In Memoriam
World War II Army Flight Nurses

Jenevieve (Jenny) Boyle Silk, who died in June 2017, was the last living of the 25 World War II US Army flight nurses whom I interviewed in 1986 for what became Beyond the Call of Duty: Army Flight Nursing in World War II. I clearly remember each of my interviews with these remarkable women and still can picture them and hear their voices when I think of them.

Twenty of these interviews are now digitized and available as audio recordings on the Imperial War Museum website. Access the interviews here:

My short remembrances are in the order in which I interviewed these former flight nurses.


Jenevieve Silk née BOYLE (1920–2017)
816 MAES, Europe

Jenny (Jenevieve) Silk née BOYLE (Milwaukee County Hospital School of Nursing, 1942) arrived at Jefferson Barracks, MO around the same time as Denny Nagle and Ethel Cerasale. Because in Wisconsin “nurses were a dime a dozen”, Boyle was afraid she would not find work after receiving her nurses diploma, but was asked to stay on at the hospital where she trained. She worked in clean surgery for women for a year before going into the service. Boyle knew nothing about military life, but she heard on the radio that the Army Air Corps Surgeon General’s office wanted flight nurses. She did not really know what a flight nurse was, except that the job would involve flying in airplanes. “It was something completely new, but, you know, at age 23, I was ready for a new adventure,” she said. Boyle, Nagle, and Cerasale all were sent within their first year of military service to Bowman Field, KY for the flight nurse course and graduated on 21 January 1944. Boyle was assigned to the 816 MAES for duty in England in preparation for D Day. Her most riveting memory of her first trip across the Channel to pick up patients for air evac – worse than losing an engine or ground looping – was the sight of “hundreds of dead young men laid out with parachutes over them”. It made a lasting impression, but Jenny thought the war was necessary.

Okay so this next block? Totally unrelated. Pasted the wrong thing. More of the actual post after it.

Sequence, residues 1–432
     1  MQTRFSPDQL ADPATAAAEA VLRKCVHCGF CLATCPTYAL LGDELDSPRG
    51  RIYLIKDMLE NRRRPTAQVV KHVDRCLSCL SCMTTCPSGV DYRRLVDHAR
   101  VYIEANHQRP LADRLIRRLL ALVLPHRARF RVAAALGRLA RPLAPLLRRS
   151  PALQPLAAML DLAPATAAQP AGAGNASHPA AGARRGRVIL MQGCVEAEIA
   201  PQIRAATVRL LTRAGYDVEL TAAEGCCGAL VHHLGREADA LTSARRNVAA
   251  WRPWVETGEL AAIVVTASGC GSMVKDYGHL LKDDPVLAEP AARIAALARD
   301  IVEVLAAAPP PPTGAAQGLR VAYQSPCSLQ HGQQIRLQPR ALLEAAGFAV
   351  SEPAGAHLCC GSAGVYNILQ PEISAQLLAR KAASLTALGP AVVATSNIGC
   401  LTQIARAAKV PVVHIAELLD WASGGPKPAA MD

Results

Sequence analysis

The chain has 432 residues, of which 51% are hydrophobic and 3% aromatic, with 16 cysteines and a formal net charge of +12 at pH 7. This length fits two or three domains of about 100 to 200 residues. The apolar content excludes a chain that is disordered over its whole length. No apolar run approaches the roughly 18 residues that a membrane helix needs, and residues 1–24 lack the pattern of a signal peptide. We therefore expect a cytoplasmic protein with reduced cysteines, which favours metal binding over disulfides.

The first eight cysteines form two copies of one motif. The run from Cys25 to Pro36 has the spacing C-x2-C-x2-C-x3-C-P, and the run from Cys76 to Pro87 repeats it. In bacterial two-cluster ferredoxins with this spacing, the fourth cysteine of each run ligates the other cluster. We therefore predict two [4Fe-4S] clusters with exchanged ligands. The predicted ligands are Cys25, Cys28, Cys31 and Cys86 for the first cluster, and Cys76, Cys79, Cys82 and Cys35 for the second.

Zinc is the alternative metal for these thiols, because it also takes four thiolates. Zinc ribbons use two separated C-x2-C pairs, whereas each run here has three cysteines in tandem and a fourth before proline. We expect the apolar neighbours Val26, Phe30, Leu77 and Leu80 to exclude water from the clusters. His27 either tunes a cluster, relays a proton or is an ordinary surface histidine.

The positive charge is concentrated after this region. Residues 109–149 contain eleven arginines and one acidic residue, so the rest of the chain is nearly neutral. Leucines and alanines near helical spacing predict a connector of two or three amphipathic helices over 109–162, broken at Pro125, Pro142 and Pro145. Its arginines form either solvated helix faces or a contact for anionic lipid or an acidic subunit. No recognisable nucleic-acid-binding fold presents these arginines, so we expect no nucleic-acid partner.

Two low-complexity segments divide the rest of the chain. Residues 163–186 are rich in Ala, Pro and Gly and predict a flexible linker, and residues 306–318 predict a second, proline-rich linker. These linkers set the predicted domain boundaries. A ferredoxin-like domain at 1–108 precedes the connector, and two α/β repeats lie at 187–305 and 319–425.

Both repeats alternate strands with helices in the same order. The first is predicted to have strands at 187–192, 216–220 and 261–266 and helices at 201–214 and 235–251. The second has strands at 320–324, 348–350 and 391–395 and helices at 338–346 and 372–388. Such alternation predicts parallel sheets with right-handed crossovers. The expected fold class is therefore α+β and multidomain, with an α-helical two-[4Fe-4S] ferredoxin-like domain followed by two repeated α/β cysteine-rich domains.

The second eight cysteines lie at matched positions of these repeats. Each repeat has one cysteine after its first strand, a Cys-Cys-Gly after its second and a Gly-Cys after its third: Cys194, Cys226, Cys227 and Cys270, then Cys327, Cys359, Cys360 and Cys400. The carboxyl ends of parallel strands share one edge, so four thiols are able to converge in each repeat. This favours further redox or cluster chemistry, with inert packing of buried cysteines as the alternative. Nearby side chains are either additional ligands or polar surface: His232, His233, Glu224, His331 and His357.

Jenny mentioned that she hadn’t had occasion to talk about her years as a flight nurse in World War II because no one had asked her about that time of her life in about 40 years. Although she agreed to the interview, she discounted any possible contributions she could make to my study of how nurses cope with war or even to a history of flight nursing in World War II. Jenny needed more reassurance and guidance than other women I’d interviewed, but what she did talk about, especially spontaneously, was valuable. Jenny was intelligent, eloquent, and articulate, as when she shared her stark realization that “no matter how right you are or how wrong you are in your endeavor for the war”, so many soldiers had died. She didn’t dwell on it, but she still saw that scene in Normandy so many years later. Jenny died in 2017 at age 97.


To listen to my interview with Jenny Silk, click on the link:

Interviewed 8 May 1986, Tequesta, FL
Learn more about my interview with Jenny on the Blog for 22 Nov 2016.

To be continued

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